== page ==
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Divorce can take an emotional toll

There is going to be an emotional toll upon anyone who goes through a divorce. There are such stressors as the new financial reality, concerns about the kids, worries about coparenting, and other matters. While there is much written about the emotional impact after the fact, there is now a Denmark-based study that tracks subjects’ wellbeing from the time starting with a simultaneous filing, separation and divorce.

The states here in the U.S. typically have a cooling-off period between the initial filing and the finalization (it’s 91 days here in Colorado), which can be further stretched out by litigation. In Denmark, however, the divorce is finalized once the couple files. So, the couple essentially files and go their separate ways. Of course, there may be additional contact as they co-parent.

The study, unfortunately, found that the newly divorced test subject reported that they were typically in worse emotional and physical shape than the average Dane. The researchers attributed this strain to the prolonged experience of relationship distress that subsequently led to the divorce. The level of conflict is directly related to the level of impact felt by divorced spouses.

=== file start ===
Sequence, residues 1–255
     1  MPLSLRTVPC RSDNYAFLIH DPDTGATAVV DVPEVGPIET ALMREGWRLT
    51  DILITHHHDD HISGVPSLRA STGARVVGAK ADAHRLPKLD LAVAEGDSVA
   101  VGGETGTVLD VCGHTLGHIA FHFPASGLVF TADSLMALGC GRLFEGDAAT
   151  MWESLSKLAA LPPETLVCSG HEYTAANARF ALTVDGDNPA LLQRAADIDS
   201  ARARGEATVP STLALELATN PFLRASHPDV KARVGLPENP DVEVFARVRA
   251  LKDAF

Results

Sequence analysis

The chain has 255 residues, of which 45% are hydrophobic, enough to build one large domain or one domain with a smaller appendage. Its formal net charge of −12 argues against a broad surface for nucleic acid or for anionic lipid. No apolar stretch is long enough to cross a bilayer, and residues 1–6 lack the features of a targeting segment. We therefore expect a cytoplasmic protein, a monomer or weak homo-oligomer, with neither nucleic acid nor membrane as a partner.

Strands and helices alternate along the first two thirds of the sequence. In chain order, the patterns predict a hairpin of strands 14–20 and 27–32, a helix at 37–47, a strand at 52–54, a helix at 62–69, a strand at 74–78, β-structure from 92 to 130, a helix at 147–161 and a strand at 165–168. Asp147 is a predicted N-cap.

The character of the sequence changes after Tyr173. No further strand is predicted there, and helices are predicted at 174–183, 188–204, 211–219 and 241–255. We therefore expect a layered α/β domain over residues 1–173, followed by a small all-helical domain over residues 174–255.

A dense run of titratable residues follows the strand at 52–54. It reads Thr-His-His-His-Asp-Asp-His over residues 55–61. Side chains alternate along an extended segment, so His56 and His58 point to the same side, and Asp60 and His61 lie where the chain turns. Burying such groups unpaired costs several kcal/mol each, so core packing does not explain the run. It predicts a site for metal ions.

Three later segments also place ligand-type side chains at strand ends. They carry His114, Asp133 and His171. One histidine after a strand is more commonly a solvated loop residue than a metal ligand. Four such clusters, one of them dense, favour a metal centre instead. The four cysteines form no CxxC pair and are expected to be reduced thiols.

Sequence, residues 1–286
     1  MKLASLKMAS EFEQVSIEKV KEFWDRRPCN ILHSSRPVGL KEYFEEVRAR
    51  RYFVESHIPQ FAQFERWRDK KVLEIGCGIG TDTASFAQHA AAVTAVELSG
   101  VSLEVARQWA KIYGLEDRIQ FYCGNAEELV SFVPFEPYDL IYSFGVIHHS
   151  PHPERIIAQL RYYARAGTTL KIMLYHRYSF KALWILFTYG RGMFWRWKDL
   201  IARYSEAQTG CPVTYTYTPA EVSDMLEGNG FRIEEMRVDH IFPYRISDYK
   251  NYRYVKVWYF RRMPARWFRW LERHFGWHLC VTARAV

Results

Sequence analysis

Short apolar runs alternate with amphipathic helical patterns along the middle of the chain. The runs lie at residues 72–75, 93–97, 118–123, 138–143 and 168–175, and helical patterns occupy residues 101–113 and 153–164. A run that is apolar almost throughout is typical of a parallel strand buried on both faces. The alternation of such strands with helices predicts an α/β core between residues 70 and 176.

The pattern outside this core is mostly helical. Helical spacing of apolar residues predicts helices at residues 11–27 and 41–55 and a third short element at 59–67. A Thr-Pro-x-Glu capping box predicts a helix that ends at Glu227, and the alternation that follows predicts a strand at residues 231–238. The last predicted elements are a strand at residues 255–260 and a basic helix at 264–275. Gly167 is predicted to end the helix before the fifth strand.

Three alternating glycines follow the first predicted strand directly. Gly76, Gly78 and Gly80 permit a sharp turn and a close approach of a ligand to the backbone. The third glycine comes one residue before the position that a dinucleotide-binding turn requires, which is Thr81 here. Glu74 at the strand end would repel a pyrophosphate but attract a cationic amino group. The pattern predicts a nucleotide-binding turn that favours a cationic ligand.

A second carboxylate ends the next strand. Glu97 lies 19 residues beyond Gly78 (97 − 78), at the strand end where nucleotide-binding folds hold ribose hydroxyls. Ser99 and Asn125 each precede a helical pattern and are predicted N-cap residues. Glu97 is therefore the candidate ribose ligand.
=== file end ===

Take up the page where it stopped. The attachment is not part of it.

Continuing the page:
Those in distress had such feelings as:

  • Shame or guilt that the marriage did not work
  • Something’s wrong with them because the marriage did not work
  • Stress regarding the conflicts with the spouse
  • Stress regarding the future they will have with a divorced coparent

However, it should be noted that those who believed that their marriage was irreparably broken felt better than those who did not believe the marriage was broken.

This is a natural response

It is natural to feel anxiety amidst such cataclysmic changes to one’s life. Psychologists looking at the data also noted that the parent and former spouse could begin their recovery by acknowledging these negative feelings as the start of the recovery process. The silver lining is that the mind naturally starts coming up with new life goals — ones where they are individuals who are married.

Time heals wounds

The researchers went back to study participants and others who divorced but did not participate in the initial research. They found that both groups did see an improvement in their wellbeing a year after the divorce, so time does heal wounds. They also noted that those who had help and support from friends and family bounced back more quickly with stronger recoveries.

A knowledgeable family law attorney can also ease the stress of this transition. Knowing that their lawyer is looking after parental and legal rights can provide peace of mind. They can also handle much of the communication between spouses, which can also reduce the level of stress the client may feel.

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